Pro Athletes Come Out in Droves to Protest Police, Fans Pour Out Massive Support

US — Professional NFL and NBA athletes are beginning to come out in droves protesting police brutality.

It started when the St. Louis Rams put made the symbolic “hands up, don’t shoot” gesture before one of their games.

They did this as an act of protest against the police killing of Michael Brown.

ADDITION Raiders Rams Football

Police evidently wanted to dig their hole deeper, and responded to the gesture by demanding that the NFL players be “disciplined.”

Now that word has spread about more victims of police murder — names like Eric Garner, Tamir Rice, and Rumain Brisbon, among others —  more professional athletes are coming forward and protesting police brutality.

This is something that police take very seriously, since professional athletes have a massive influence on the American public.

In fact professional athletes are capable of reaching untold millions more, drowning out the deception of “police reports” that media lapdogs faithfully promulgate.

Because of what the athletes are doing, an unstoppable momentum may continue to build in protests and clashes with police.

The public, in turn, has supported the athletes for speaking out.

Among the athletes doing this are:

Chicago Bulls’ Derrick Rose, wearing a shirt that reads “I can’t breathe” in support of Eric Garner, an unarmed man who was choked to death by police.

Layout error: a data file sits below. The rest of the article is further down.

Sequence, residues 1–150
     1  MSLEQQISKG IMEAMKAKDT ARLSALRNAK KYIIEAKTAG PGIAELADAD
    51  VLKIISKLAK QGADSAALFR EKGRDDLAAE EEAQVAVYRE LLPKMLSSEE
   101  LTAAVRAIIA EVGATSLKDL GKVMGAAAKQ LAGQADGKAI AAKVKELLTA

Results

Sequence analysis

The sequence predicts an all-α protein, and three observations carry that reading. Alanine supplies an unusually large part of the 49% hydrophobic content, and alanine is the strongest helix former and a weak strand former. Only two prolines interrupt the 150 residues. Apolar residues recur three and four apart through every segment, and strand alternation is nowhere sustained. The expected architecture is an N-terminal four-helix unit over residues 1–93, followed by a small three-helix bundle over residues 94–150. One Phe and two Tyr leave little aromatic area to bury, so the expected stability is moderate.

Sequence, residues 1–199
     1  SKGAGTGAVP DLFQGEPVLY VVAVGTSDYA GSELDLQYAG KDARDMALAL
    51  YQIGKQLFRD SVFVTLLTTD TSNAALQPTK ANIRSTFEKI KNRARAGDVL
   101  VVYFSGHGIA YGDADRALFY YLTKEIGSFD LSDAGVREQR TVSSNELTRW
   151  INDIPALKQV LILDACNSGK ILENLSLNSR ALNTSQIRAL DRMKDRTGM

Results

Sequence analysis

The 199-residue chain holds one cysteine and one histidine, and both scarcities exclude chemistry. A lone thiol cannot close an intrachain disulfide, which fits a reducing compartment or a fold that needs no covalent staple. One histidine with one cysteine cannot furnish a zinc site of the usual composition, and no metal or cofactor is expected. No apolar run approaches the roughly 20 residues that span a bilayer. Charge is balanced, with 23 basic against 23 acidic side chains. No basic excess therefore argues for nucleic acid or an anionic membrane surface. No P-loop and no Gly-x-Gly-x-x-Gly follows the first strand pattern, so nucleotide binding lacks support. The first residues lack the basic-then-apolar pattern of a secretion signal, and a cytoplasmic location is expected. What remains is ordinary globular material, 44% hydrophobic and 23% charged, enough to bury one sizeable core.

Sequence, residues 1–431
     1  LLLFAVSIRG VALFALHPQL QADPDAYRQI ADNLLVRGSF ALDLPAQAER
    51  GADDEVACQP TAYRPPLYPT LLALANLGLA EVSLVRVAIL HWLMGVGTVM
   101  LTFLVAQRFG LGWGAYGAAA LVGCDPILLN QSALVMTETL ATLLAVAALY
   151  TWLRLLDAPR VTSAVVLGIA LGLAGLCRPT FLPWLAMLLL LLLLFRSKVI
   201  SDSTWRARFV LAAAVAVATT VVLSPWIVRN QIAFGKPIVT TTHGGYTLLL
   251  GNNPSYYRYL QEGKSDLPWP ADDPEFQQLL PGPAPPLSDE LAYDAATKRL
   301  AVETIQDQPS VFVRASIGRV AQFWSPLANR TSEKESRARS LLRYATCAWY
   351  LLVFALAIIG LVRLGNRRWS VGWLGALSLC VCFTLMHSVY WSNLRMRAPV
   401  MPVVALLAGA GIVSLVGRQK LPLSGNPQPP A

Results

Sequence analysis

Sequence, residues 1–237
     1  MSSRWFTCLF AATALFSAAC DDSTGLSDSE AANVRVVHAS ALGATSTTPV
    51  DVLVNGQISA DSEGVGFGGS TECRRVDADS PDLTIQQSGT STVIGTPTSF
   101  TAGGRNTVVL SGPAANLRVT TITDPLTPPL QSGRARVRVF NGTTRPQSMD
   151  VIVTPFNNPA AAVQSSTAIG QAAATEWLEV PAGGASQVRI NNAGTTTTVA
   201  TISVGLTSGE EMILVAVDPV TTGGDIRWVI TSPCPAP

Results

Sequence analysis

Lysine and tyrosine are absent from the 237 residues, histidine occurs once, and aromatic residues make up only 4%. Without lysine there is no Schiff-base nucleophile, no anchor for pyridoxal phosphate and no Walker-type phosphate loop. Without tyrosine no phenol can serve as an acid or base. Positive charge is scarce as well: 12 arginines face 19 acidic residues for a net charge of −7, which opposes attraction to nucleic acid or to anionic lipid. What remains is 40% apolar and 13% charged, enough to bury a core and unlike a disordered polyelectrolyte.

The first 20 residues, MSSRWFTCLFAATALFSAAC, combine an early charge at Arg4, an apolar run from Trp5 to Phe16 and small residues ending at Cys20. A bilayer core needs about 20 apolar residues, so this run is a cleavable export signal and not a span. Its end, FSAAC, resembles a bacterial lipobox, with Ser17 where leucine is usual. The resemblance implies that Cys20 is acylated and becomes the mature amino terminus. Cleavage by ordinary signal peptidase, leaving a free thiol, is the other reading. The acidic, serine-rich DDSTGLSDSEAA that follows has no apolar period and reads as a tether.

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“Usually athletes tend to stay away from this, but I just felt as if I had to do something about it,” said Rose.

Detroit Lions running back Reggie Bush also protested with an “I can’t breathe” shirt, receiving enormous praise from the audience.

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Chris Baker, a defensive lineman, raised his hands in the “hands up, don’t shoot” gesture, spreading what the St. Louis Rams started.

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LeBron James and Kyrie Irving displayed “I can’t breathe” shirts.

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Kevin Garnett, Deron Williams, Jarrett Jack, Alan Anderson also wore “I can’t breathe” shirts, as did many Lakers players.

1208-jay-z-black-out-nets-twitter-4Jay-Z did not have access to shirt at the time but made it a point to appear with the athletes to express his support.

 

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As the movement against the violence of police continues to grow, more athletes from all sports can be expected to continue showing their support, fanning the flames of justice throughout the nation.

Watch what police did to Eric Garner, and never forget:

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Filming Cops
Filming Cops 5621 posts

Filming Cops was started in 2010 as a conglomerative blogging service documenting police abuse. The aim isn’t to demonize the natural concept of security provision as such, but to highlight specific cases of State-monopolized police brutality that are otherwise ignored by traditional media outlets.

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